So I'm going to ramble about my experience with tags on two sites so far. TL,DR: yeah, probably.
First, I see two and a half uses for tags:
- People who're interested in answering (or more generally seeing questions) about certain topics can ignore or favorite certain tags.
- People who're searching for something can narrow their search.
- Tag wikis (but do people actually read them)?
Most tags are names of applications or technologies. They're what people naturally use when they want help on a particular technology, which is what most questions are about. A question about using KDE? tag it
kde. Some of these tags have lots of questions (for example
linux is the biggest tag by far), others have very few (
sco isn't exactly popular), but it's pretty clear that these are desirable tags. There's the occasional name coincidence hurdle (e.g. is
ports about TCP or BSD?) but nothing we can't easily solve on a case by case basis.
Then there are topic tags, such as
networking. Those have mostly arisen naturally as well. They're what people tend to use when they want to do something but don't know what the right tool is. I'm still sometimes undecided as to how precise to go; for example
networking is pretty wide, and I'm still undecided as to whether it should be used when more specific tags apply (
Sometimes the distinction between tags is subtle. For example, what's the difference between
terminal? Beginners will often use
terminal indiscriminately, but at the level of U&L, we do want to make the difference (
shell is our second-biggest tag, and
bash (a kind of shell) is close behind). Since the difference useful but subtle, we don't expect askers to always get it right. In general, though, I don't know where to stop caring about differences that are only apparent to experts (should
x11 be separate from
Hyphenated tags — tags about a frequent combination of two distinct concepts — arise rarely, but in high-profile topics. Should Linux kernel questions be tagged
kernel? (we settled on two tags). Should shell scripting questions have their own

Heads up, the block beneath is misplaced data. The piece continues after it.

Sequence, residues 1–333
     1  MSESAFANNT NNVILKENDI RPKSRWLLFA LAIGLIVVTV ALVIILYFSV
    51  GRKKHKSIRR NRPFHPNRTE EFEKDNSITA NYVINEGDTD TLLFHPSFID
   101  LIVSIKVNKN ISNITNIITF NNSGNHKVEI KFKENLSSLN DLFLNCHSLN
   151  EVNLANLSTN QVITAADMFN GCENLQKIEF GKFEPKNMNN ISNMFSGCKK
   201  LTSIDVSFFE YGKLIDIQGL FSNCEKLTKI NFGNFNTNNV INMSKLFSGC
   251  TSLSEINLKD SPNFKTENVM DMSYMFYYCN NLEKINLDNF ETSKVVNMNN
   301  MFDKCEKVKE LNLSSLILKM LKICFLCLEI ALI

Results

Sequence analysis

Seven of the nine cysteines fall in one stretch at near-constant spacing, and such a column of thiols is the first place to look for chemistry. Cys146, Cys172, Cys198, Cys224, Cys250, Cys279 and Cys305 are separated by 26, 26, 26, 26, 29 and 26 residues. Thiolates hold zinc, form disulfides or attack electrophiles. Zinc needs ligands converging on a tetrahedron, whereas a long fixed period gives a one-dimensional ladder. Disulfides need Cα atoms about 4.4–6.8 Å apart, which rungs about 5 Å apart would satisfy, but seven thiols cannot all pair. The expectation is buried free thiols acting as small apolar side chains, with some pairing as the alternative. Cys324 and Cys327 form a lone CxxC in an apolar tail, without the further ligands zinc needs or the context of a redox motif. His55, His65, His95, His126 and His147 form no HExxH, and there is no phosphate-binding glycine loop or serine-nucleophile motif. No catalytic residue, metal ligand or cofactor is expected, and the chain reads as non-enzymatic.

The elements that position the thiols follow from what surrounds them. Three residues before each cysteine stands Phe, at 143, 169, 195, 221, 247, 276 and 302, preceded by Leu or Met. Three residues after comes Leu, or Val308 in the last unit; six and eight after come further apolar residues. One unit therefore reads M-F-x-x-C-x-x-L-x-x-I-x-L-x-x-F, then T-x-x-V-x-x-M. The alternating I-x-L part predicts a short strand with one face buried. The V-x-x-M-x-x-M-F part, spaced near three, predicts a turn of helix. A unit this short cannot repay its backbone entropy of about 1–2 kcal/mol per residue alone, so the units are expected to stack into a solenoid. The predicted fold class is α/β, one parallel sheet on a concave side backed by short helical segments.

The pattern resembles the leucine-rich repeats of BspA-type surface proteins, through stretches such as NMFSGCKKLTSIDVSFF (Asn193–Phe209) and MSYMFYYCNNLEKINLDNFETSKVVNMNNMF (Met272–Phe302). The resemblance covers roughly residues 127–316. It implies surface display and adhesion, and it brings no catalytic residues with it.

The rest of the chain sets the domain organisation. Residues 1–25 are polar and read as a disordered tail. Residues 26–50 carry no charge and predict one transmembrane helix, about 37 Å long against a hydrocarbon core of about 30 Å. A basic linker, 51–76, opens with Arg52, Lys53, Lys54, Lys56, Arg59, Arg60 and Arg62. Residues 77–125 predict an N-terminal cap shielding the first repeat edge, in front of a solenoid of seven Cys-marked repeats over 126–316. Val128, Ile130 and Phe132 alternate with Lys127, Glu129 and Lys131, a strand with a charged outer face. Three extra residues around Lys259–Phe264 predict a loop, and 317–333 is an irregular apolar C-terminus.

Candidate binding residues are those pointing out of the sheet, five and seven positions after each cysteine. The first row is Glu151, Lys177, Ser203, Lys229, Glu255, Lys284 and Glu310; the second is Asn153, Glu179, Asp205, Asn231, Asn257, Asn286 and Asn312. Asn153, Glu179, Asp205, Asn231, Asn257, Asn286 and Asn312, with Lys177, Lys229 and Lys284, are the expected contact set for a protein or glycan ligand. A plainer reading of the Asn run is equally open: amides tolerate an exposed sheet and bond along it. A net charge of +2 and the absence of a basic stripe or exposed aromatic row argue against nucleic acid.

shell-script tag, or do we combine
scripting (you can shell without a script and script without a shell, so they're not synonyms in any way)? we haven't been able to make up our mind.
Meta-tags haven't been a problem. There are borderline cases, like
software-rec, which characterizes the nature of a question rather than its topic (but I find it useful: it marks the nature of a question succinctly in search results or in a feed). And each site seems doomed to have its own debate about
homework. But no major issue there.
All in all, tagging for Unix seems to have worked reasonably well, with just a few hurdles.
Most questions are about a specific work, author or universe. And most of these questions have just one tag: the name of the work/author/universe. Sometimes with variants such as
j-r-r-tolkien. We're still undecided as to whether that's generally useful: after all, the name should be in the body and so the question will turn up in searches anyway. For popular works, and especially universes spanning multiple works, these tags are useful (a
star-wars question might only contain the name of one of the movies in the series, and that's a tag fans subscribe to). But at the other end of the spectrum, who's going to subscribe to <obscure author name>?
These names tend to lead to near-synonyms that aren't actually synonyms. Discworld is Terry Pratchett's best-known work,
so I expect most questions about him will be tagged
discworld. Does that mean
terry-pratchett should be used on all Discworld questions? or only on non-Discworld questions? We haven't yet had enough volume in a tag to need to decide.
We've just started to encourage topic tags. If your question is about spaceships in Star Trek, tag it
spaceship. I hope it'll catch on. That would leave only questions about specific plot points or characters tagged solely with a work or author name.
It's been suggested to use subgenres as tag names — similar to English Language & Usage's broad tags (
verbs, …), I suppose. We practically haven't been doing that. I think the reason is that subgenre classification is awfully vague and subjective. Can tags still work if people don't agree on what they cover? Are subgenre names meta-tags for us?
Or is the proper analogy with EL&U to use tags like
setting? While these are objective, I don't see what value they bring to our site. Is it really useful to quickly sort between Harry Potter character questions and Harry Potter setting questions?
We have a couple of meta tags. The ones that remain are
recommendation, both marking types of questions that have been rules off-topic and are all closed (and that we might delete en masse at some point).
I don't feel we've settled on good tagging practices for SF&F.
I find it interesting that Patrick McElhaney's experience on UX is pretty different from mine, and mine is different on U&L and on SF&F. My impression so far is that different communities face different problems when choosing tags. So, can you, gentle reader, find common patterns and come forth with good advice?